Power (55) – Benintendi is a guy who has a very pure path through the zone from the left side, so there isn’t a ton of natural loft in his swing. That said, his incredibly strong lower arms do produce a ton of loud contact.

With ~90 games per season played in Boston and New York, Benintendi very well could put up 20 home runs per season and 30+ doubles just because of the parks he’s in, but his natural power is more of a gap power.

Eye (65) – Benintendi has one of the best eyes in all of the game, and I do mean major or minor leagues. His recognition of the zone is absolutely tremendous and way above average.

The only thing that kept me from a 70 was watching some games with the Red Sox at the end of the season and seeing Benintendi get fooled within the zone by excellent late break.

Now, many hitters face exactly that, and I did not see him fooled outside of the zone more than times I could count on one hand in his dozen big league games I watched, but big league movement is something he’s just never seen and will need to get used to.

Base Running/Fielding

Speed (55) – Benintendi does have above average speed and quickness both. He was a very good basketball player in high school, and he still shows that athleticism. On the bases, he does use very high-level instincts as much as pure speed to both steal and take extra bases while running.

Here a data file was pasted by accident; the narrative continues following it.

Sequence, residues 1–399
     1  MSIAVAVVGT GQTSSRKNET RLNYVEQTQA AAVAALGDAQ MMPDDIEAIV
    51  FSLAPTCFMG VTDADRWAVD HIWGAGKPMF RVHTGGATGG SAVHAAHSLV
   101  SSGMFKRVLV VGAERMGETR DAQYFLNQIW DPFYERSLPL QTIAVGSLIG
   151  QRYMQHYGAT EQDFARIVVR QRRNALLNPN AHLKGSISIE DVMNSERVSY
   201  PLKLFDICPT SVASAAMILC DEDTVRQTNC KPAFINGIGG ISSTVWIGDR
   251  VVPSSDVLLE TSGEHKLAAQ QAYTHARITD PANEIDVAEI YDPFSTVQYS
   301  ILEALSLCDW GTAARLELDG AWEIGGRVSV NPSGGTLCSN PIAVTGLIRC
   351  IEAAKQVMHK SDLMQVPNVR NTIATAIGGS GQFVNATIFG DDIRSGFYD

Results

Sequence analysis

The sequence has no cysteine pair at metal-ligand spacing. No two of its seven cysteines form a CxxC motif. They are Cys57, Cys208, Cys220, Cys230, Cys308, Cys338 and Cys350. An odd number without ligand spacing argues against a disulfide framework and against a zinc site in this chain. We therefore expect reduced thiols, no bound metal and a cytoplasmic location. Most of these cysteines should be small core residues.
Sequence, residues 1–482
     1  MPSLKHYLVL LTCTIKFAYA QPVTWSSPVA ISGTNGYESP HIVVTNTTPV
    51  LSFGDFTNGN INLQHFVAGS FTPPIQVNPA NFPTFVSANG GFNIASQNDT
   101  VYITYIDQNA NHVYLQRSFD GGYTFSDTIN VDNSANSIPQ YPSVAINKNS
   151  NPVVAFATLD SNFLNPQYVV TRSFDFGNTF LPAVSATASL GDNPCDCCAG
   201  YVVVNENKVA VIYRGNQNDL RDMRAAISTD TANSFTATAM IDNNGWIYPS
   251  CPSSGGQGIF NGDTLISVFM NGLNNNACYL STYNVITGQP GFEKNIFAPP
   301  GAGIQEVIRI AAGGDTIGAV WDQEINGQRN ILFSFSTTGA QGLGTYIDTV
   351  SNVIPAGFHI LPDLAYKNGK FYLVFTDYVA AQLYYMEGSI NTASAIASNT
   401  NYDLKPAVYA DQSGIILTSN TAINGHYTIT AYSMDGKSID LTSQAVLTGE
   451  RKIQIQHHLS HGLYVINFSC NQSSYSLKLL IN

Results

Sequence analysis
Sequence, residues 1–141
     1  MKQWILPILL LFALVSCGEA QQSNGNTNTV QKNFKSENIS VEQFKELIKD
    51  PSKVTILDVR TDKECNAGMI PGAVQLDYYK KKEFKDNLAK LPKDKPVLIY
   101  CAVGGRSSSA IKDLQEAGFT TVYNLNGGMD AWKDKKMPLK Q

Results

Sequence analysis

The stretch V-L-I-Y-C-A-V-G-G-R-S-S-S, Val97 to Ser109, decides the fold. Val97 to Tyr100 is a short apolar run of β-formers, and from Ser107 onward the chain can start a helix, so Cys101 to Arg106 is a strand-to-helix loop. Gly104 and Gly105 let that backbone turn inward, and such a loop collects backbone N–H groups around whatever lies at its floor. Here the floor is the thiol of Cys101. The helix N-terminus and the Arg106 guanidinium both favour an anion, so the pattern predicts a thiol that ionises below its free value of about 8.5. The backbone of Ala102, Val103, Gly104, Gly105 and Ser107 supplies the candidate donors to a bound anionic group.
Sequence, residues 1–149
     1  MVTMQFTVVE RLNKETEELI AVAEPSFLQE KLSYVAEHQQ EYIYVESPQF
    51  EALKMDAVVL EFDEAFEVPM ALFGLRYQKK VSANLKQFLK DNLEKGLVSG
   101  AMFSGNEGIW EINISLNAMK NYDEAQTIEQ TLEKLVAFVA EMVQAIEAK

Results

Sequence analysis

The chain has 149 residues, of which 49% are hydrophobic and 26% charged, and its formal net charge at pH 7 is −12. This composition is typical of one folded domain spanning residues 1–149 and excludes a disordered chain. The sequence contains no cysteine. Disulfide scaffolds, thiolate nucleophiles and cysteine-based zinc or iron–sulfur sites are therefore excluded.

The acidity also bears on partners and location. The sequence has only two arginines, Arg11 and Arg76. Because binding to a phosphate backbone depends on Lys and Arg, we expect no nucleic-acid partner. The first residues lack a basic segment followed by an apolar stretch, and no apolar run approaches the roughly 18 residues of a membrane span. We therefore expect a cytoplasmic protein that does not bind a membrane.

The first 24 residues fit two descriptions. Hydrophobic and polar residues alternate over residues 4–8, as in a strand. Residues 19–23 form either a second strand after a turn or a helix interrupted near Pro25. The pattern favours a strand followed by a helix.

Defense (60) – There are few teams where Andrew Benintendi would be the third option to play center field in the major leagues, but that is the case in Boston. However, that is not because Benintendi could not handle the position.

In fact, I believe if he was outside of Boston, Benintendi would be a center fielder, and he’d be the type of guy whose overall profile would force the move of other players the way that Carlos Correa‘s overall skill set has forced better overall shortstops off the position for him to be more comfortable, as he’s the future for the Astros.

Benintendi shows exceptional instincts on balls and does very well setting his feet to have perfect throwing position seemingly every time he catches the ball as well.

Arm (55) – Benintendi’s pure arm strength is a 50. I bump the extra +5 on the grade due to the tremendous accuracy Benintendi shows, his ability to use his instincts to throw to the right base at all times and the way he positions his feet every time to be perfectly lined up for his throws. All those things maximize every bit of his arm ability, so while he may have average raw arm strength, he gets more out of his arm than most guys with “bigger” arms.

MLB Player Comp

The approach, contact ability and body style of Benintendi is very similar at the plate to Christian Yelich, though Yelich really isn’t in the same class as Benintendi as a defender.

The combination that Benintendi has of his excellent defensive ability plus his smart base running does remind me a ton of a young Jacoby Ellsbury, though Ellsbury showed the power of Benintendi in only one season of his career.

Watching Benintendi should be a very fun thing for sure. He’ll be patrolling the Green Monster in left field for the foreseeable future in Boston, and the combination of Bradley, Betts and Benintendi could be the best defensive outfield in the game, along with providing significant offensive value as well.